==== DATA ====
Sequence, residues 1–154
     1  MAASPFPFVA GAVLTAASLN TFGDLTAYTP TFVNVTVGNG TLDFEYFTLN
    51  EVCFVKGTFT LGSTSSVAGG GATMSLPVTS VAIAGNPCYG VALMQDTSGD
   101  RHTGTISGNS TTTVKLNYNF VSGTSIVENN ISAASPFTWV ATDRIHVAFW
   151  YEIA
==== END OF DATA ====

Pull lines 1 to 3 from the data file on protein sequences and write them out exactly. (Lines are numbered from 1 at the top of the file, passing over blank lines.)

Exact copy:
Sequence, residues 1–154
     1  MAASPFPFVA GAVLTAASLN TFGDLTAYTP TFVNVTVGNG TLDFEYFTLN
    51  EVCFVKGTFT LGSTSSVAGG GATMSLPVTS VAIAGNPCYG VALMQDTSGD